On abusers and enablers in academic culture

This is an important article and should be read. “You would be hard-pressed to find a mental-health professional, a productivity expert, or a writing coach who would suggest that — rather than recognizing people’s talent and rewarding their hard work — the way to get good results out of people is by making them feel inadequate or confused,” is one of its key sentences.

My current weapon against anxiety is to give myself time, not try to rush. I am amazed how easy it is to start work when I know that starting does not have to mean rushing. This, for me, is the true procrastination-buster.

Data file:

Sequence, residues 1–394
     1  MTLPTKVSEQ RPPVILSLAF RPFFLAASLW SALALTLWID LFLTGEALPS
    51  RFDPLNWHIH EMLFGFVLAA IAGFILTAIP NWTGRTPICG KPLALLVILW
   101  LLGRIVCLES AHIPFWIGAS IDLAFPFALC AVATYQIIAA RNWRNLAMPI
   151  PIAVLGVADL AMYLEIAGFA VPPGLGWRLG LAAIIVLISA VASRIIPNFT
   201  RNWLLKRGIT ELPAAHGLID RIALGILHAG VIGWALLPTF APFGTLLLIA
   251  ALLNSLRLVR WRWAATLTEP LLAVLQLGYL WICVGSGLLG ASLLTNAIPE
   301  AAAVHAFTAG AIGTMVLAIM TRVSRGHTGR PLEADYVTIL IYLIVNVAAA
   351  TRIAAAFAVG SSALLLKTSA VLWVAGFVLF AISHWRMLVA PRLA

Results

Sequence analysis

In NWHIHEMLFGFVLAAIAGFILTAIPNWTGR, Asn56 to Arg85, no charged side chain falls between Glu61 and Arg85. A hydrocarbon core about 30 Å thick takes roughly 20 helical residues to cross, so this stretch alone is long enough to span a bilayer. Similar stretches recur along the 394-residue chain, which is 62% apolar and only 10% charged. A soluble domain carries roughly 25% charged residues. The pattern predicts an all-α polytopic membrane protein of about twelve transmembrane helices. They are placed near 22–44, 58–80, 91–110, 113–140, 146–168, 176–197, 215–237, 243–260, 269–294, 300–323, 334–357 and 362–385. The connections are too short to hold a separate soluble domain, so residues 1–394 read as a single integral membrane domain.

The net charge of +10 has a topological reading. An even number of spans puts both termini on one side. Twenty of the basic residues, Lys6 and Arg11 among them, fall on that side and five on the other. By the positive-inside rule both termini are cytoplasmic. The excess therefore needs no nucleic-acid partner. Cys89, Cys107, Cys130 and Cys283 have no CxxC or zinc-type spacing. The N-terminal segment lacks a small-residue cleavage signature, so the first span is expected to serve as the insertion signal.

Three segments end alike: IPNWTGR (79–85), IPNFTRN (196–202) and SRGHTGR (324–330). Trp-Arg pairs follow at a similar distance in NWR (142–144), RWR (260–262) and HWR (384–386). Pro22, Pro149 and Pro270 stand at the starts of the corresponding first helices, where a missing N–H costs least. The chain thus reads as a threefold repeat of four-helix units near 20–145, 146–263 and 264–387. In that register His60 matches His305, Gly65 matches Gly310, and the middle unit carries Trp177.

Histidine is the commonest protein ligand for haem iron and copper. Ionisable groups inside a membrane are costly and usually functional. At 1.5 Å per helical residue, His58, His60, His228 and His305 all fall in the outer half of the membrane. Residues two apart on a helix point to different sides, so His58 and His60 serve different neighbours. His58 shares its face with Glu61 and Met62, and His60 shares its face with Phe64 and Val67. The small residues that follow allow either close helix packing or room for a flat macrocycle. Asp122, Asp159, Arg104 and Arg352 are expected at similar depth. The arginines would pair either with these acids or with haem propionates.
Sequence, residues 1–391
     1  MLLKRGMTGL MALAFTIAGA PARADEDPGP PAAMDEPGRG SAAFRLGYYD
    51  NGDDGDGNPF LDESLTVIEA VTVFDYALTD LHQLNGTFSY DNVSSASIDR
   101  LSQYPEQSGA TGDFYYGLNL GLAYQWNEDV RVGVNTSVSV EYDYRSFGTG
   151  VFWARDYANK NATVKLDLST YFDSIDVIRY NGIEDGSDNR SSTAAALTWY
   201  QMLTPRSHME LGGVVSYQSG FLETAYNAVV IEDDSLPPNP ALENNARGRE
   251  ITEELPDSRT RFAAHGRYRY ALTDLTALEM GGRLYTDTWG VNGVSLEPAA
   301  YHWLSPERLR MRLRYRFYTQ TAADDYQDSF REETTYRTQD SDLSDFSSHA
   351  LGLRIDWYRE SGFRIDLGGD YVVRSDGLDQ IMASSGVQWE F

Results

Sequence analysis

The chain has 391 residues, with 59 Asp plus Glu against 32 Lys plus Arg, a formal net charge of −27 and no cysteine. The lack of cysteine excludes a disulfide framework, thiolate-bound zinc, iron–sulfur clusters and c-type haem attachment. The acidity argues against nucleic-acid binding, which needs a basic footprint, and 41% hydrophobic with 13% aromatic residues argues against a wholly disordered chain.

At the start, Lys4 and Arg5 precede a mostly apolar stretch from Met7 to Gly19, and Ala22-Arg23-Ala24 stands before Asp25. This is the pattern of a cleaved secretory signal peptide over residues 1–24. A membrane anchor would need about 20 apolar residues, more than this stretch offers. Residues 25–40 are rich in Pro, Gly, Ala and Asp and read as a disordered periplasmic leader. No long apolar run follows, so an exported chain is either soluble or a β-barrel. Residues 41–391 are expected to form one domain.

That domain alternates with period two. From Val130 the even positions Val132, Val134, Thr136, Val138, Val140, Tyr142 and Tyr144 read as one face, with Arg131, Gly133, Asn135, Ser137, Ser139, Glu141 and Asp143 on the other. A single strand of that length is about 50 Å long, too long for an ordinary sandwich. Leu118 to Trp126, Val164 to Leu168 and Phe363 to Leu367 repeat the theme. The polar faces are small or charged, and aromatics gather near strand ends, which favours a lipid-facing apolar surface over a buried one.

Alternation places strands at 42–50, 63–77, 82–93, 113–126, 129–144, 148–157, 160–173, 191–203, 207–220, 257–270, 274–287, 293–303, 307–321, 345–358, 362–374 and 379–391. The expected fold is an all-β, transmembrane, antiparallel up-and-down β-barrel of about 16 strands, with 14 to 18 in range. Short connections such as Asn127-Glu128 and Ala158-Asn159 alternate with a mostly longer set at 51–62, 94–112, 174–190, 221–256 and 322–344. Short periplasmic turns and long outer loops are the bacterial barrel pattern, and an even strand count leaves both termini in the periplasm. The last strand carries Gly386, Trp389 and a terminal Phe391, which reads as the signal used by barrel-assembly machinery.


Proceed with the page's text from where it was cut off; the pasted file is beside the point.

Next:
The other general weapon is to keep saying my work is good enough and that I am not crazy. The linked article talks about the impact of gas-lighting, and the importance of not deciding, in that situation, that the problem actually is you.

Holding onto these weapons, keeping them at hand and within view, is a constant struggle.

Axé.

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1 Comment

Filed under Banes, Resources, What Is A Scholar?, Working

One response to “On abusers and enablers in academic culture

  1. Z

    Keeping people confused, however, is a key element in authoritarian strategies of control / manipulation / etc.

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